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Welcome to the Canberra Region Branch of the Australian Society for the Study of Labour History.

The ASSLH aims to encourage the study, teaching and research of labour history and to encourage the preservation of labour archives.

This website was designed by Webtrax with the assistance of the Bede Nairn Fund. It aims to present a selection of articles and publications that can easily be accessed by students, teachers and others wanting to know more about labour history and politics.

The ASSLH encourages open debate on questions relating to labour history and politics. The articles published on this website do not necessarily reflect the views of the ASSLH and its officers. New contributions welcome. Links to other websites do not necessarily imply an endorsement of the content of those websites.

For news about our activities over the past year, click to read our Branch President’s report to the 2018 Annual General Meeting.  Branch president’s Annual Report 2017-18

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Coming events

Labour History Lab

Our next event will be Labour History Lab on Monday 17 June 2019.

Rather than a tightly structured event, this will be a chance to catch up in an informal setting and share what’s engaging you right now. It might be something you are researching, a recently discovered story, a project in planning, or perhaps one you already have underway. Whatever you’re up to, please come along and provide a five minute snapshot of your latest thoughts, themes or theories.

We will be holding this event at Badger and Co., the new pub in the ANU’s Kambri precinct. We will be getting underway from 5:30 pm, on 17 June 2019. All are welcome, and welcome to stick around for a drink and a bite to eat afterward. Please note, however, that Badger and Co. does not take payments in cash.

RSVP is not essential, but it is useful if we have a rough idea of who is coming, so please let our Secretary Chris Monnox know if you intend on being there.

You can email Chris at asslh@labourhistorycanberra.org

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Recent articles

Here are some of our recent articles. To search the complete list, click on the Articles and Publications menu.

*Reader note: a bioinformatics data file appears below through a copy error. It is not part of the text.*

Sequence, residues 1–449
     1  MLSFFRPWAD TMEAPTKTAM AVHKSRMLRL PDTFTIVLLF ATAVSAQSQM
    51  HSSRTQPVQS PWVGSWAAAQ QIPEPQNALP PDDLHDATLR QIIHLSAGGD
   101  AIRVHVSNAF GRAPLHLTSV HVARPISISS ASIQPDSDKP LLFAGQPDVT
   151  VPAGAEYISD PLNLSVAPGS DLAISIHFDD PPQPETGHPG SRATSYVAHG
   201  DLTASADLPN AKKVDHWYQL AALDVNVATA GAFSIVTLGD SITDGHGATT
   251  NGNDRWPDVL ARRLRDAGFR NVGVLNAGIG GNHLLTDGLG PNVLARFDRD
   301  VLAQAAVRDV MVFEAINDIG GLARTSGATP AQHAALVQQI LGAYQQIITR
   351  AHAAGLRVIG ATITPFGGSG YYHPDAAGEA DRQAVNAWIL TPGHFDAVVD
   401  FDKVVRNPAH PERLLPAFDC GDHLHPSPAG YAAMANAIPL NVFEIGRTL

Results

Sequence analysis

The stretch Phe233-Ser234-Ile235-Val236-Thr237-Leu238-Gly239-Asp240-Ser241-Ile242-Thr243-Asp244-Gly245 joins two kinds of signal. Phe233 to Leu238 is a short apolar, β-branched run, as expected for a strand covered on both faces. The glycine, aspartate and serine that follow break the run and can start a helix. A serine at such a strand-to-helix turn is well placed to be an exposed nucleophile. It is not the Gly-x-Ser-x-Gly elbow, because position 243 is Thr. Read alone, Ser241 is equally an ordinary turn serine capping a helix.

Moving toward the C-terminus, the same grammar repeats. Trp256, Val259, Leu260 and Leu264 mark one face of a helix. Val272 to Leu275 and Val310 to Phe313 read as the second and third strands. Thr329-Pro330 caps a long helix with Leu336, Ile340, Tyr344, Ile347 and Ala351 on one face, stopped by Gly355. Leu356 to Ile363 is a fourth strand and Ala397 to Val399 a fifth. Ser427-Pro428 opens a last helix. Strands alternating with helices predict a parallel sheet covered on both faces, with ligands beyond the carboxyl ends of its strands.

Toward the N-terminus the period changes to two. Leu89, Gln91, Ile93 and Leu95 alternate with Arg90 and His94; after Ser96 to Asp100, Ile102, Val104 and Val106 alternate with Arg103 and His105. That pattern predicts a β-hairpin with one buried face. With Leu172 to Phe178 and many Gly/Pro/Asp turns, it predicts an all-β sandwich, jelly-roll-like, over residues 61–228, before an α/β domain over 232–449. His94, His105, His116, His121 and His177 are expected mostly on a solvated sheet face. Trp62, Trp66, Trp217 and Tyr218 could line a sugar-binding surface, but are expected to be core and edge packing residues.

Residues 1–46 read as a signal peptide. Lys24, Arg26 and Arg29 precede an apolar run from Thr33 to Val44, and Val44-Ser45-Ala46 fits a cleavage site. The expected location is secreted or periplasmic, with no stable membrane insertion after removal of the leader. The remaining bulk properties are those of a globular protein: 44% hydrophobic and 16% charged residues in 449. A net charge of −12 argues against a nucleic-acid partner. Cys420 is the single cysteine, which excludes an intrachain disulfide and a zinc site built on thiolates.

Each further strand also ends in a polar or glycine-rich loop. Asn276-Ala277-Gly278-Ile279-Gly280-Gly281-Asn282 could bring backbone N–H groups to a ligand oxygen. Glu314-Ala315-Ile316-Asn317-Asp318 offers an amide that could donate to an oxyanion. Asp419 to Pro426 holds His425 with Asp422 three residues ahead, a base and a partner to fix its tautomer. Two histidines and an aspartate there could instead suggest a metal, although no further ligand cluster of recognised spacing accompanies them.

• Clarrie O’Shea – The trade union leader who went to gaol May 10, 2019- by John Merritt This month (May 2019) marks the 50th anniversary of the gaoling of Victorian Tramways Union leader Clarrie O’Shea (1905-1988).  O’ Shea was gaoled in 1969 by the notorious Sir John Kerr for refusing to hand over the union’s financial records. His imprisonment sparked a massive strike wave across the country and effectively […]
  • Why did Australia go to the great war? April 14, 2019- We gratefully acknowledge permission from the Australian Centre for the Study of Armed Conflict and Society at UNSW to publish this excellent collection of seminar papers on Australia’s involvement in World War 1. Click here to access the papers.                         ______________________________________________________ ACSACS Occasional Paper Series No. 8 Why did Australia go to the great war? […]
  • Our Forgotten Prime Minister October 8, 2018- Stephen Holt Australian Prime Ministers get to have a federal electorate named after them after they die. There are 22 deceased Australian Prime Ministers and after the latest redistribution there are, seemingly in line with this practice, 22 federal seats bearing the name of a deceased Prime Minister. There is an anomaly though and it […]
  • The ‘Spanish’ Influenza Pandemic in Australia, 1912-19 June 20, 2018-   Humphrey McQueen  (Originally published in Social Policy in Australia – Some Perspectives 1901-1975. Edited by Jill Roe. Cassell Australia 1976) SIX MONTHS BEFORE the Armistice ended the Great War a new and more deadly scourge was unleashed upon the world. Popularly known as ‘Spanish’ flu it killed twenty million people within twelve months.
  • Ghost of bankers past may come to haunt Shorten June 18, 2018- Bob Crawshaw (First published in The Canberra Times 21 April 2016) You can almost hear the ghost of prime minister Ben Chifley applauding Bill Shorten’s calls for a royal commission into Australian banking. Yet while Chifley might approve of Shorten’s efforts, he would probably think they do not go far enough.